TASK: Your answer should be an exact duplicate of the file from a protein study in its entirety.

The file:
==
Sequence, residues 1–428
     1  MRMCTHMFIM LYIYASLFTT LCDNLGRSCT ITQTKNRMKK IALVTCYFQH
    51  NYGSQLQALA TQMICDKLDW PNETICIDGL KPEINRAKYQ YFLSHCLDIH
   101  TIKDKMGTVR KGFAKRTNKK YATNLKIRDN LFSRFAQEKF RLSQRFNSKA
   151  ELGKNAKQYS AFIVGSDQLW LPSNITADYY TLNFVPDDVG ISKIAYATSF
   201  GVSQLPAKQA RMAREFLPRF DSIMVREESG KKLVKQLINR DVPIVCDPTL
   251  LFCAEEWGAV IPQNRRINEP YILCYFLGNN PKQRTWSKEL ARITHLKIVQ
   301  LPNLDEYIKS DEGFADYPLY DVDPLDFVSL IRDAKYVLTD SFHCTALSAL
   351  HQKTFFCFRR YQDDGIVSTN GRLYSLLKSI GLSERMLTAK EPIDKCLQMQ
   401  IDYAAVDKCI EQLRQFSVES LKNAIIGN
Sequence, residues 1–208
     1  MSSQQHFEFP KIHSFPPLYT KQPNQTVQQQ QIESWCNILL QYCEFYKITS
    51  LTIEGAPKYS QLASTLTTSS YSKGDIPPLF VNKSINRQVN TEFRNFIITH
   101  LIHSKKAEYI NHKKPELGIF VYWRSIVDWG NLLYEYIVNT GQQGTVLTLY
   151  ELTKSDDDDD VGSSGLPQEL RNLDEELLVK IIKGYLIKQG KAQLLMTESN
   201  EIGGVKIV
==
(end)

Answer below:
Sequence, residues 1–428
     1  MRMCTHMFIM LYIYASLFTT LCDNLGRSCT ITQTKNRMKK IALVTCYFQH
    51  NYGSQLQALA TQMICDKLDW PNETICIDGL KPEINRAKYQ YFLSHCLDIH
   101  TIKDKMGTVR KGFAKRTNKK YATNLKIRDN LFSRFAQEKF RLSQRFNSKA
   151  ELGKNAKQYS AFIVGSDQLW LPSNITADYY TLNFVPDDVG ISKIAYATSF
   201  GVSQLPAKQA RMAREFLPRF DSIMVREESG KKLVKQLINR DVPIVCDPTL
   251  LFCAEEWGAV IPQNRRINEP YILCYFLGNN PKQRTWSKEL ARITHLKIVQ
   301  LPNLDEYIKS DEGFADYPLY DVDPLDFVSL IRDAKYVLTD SFHCTALSAL
   351  HQKTFFCFRR YQDDGIVSTN GRLYSLLKSI GLSERMLTAK EPIDKCLQMQ
   401  IDYAAVDKCI EQLRQFSVES LKNAIIGN
Sequence, residues 1–208
     1  MSSQQHFEFP KIHSFPPLYT KQPNQTVQQQ QIESWCNILL QYCEFYKITS
    51  LTIEGAPKYS QLASTLTTSS YSKGDIPPLF VNKSINRQVN TEFRNFIITH
   101  LIHSKKAEYI NHKKPELGIF VYWRSIVDWG NLLYEYIVNT GQQGTVLTLY
   151  ELTKSDDDDD VGSSGLPQEL RNLDEELLVK IIKGYLIKQG KAQLLMTESN
   201  EIGGVKIV